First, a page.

twww-logo

EXHIBIT HOURS: Friday & Saturday 12 Noon to 8 PM | Sunday 12 Noon to 4 PM

 

Diversity, Equity & A Paycheck

There are 26 photos, framed and hanging on the walls of the gallery.

Chairs are gathered ’round a microphone, awaiting the stories that will be told. A pith helmet stands ready to gather the names of the storytellers, written on little slips of paper. A straw hat awaits the names of the judges. A few refreshments, a prize for the winner and wonderful weather, all upon a Saturday night.

Will they come? And, if they do, how many will they be? Will they like what they see? And, will they stay and share their stories?

So many questions, but, alas, the answers must wait. Until Saturday night. The doors open at 7 PM and we look forward to seeing you again or meeting you for the first time! Meanwhile, enjoy this music video of “Workin’ For A Livin'” from 1982. It’s just so apropo!

Featured photo: August 9, 2016 | Wilton Manors City Hall Selfie Day | From Wilton Manors Works, on exhibit at Art Gallery 21 through May 6, 2017 | This project is sponsored by The Florida Humanities Council and The Smithsonian Institution through Museums On Main Street.

 

How do you make a living?

PLEASE NOTE: The gallery is currently closed and undergoing a renovation to the ceiling. While it cut our most recent exhibit short, we’re truly thrilled to see this added improvement being done to make our little gallery even more welcoming to visitors! The City of Wilton Manors has a history of working with the arts community in meaningful ways and this project is another example of the City’s support for art and artists!

SEEKING STORYTELLERS!
Saturday, March 18th at 7 PM

Art Gallery 21 will unveil a photo exhibit of folks who live and work in and around Wilton Manors as they toil at their jobs. We’ve been collecting photos of people working since the beginning of the year as a way to celebrate the arrival of the Smithsonian Traveling Exhibit, “The Way We Worked!” In addition to showing photos of local folks, we’re hosting a Story Slam that will begin around 7:30 PM.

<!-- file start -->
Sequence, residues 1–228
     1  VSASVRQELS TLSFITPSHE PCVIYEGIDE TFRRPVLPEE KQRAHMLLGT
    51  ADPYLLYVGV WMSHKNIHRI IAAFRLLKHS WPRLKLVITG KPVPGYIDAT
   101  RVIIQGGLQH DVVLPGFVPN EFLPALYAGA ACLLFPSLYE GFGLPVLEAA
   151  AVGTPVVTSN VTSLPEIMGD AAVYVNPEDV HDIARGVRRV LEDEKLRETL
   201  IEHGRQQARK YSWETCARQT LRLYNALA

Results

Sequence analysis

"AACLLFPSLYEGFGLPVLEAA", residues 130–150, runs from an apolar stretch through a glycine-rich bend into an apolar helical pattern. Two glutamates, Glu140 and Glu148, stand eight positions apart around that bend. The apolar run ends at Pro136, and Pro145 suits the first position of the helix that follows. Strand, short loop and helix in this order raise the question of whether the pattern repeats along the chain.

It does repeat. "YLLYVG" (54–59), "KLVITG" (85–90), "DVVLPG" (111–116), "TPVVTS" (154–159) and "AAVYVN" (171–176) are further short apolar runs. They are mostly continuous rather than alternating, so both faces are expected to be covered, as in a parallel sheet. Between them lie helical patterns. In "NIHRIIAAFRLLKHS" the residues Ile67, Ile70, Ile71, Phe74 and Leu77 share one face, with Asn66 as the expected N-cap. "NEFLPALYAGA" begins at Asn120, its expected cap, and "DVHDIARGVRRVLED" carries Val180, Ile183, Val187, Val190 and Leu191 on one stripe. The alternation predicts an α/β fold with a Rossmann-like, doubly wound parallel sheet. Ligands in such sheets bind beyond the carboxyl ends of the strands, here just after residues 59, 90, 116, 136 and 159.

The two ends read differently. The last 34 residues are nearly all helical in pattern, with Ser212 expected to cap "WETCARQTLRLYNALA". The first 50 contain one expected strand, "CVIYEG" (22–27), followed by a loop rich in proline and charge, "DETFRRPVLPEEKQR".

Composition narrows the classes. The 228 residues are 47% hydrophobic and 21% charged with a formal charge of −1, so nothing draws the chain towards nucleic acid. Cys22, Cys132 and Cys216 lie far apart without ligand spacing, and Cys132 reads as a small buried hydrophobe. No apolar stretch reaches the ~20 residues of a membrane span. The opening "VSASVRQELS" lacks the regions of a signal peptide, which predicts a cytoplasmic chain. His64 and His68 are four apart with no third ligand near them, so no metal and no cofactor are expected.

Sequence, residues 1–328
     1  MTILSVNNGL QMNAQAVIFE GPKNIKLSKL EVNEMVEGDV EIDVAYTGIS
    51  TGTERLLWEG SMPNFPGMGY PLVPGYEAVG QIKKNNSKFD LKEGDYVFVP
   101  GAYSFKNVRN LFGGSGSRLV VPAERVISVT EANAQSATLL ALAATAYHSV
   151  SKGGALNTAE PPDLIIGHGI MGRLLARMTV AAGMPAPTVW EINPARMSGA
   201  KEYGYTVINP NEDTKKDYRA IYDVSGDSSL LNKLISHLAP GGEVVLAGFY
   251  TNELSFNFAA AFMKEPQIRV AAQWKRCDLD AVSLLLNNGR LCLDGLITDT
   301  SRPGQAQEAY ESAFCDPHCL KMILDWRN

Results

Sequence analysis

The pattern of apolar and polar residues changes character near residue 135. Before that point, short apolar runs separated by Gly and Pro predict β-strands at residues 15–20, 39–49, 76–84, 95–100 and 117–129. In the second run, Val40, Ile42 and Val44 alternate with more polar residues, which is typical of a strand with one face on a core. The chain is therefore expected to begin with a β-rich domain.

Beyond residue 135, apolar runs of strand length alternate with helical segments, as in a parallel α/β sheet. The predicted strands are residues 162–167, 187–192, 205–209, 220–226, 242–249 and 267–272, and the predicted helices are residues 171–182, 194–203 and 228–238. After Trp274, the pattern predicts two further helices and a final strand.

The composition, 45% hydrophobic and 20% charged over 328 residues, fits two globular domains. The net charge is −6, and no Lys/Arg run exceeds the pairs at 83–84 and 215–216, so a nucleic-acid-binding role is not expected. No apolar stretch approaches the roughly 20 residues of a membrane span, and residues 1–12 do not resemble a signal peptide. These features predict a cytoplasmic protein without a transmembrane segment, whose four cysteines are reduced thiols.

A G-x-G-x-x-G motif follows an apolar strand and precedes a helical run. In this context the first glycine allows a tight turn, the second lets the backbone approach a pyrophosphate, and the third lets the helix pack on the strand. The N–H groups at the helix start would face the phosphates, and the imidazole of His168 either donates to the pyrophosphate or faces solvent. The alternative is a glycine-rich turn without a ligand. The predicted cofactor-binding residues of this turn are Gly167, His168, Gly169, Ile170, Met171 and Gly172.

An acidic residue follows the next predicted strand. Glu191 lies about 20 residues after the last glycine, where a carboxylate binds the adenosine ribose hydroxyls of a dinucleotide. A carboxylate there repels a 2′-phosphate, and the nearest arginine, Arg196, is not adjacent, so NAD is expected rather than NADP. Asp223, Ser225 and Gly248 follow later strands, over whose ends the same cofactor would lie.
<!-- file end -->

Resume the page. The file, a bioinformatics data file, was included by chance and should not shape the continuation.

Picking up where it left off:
What’s a story slam?  A Story Slam is more than a storytelling competition. It’s an invitation to share five minutes of your life in a room full of people who appreciate a well-told tale. Audience storytellers take to the stage with real life stories on the theme of the night. The stories are true, as remembered by the storyteller and always told live, no notes, no script. We have created a downloadable/printable PDF here that provides storytelling tips. The theme of our Story Slam is “Diversity, Equity and A Paycheck.” The entire story slam will be recorded by The Humanity Project and produced as a podcast to be posted to the web, including The Stonewall National Museum & Archive‘s website.

We are honored to have Carbonell award winning playwright and actor Michael McKeever serving as our Story Slam Host! With wit, insight and a healthy dose of his quirky sense of humor, we are sure he will lead us through an evening of entertainment and enlightenment as we discover what “Diversity, Equity and A Paycheck” means!

Join us at Art Gallery 21 at the former Woman’s Club of Wilton Manors to see and hear what “The Way We Worked” means to us. AG21 is located at 600 NE 21 Court, just east of Wilton Drive, next to the Hagen Park tennis and volleyball courts and has easy access to public parking. This event is free to the public. Limited seating available.

Inquiries may be directed to artgallery21wcwm@gmail.com.

Art Gallery 21 is presenting a traveling exhibition brought to you by the Smithsonian Institution and the Florida Humanities Council, based on photographs from the National Archives. Exhibit hours are 12 Noon to 8 PM, Fridays, Saturdays and Sundays from March 24 to May 6, 2017. FREE TO THE PUBLIC.

 

#thewayweworked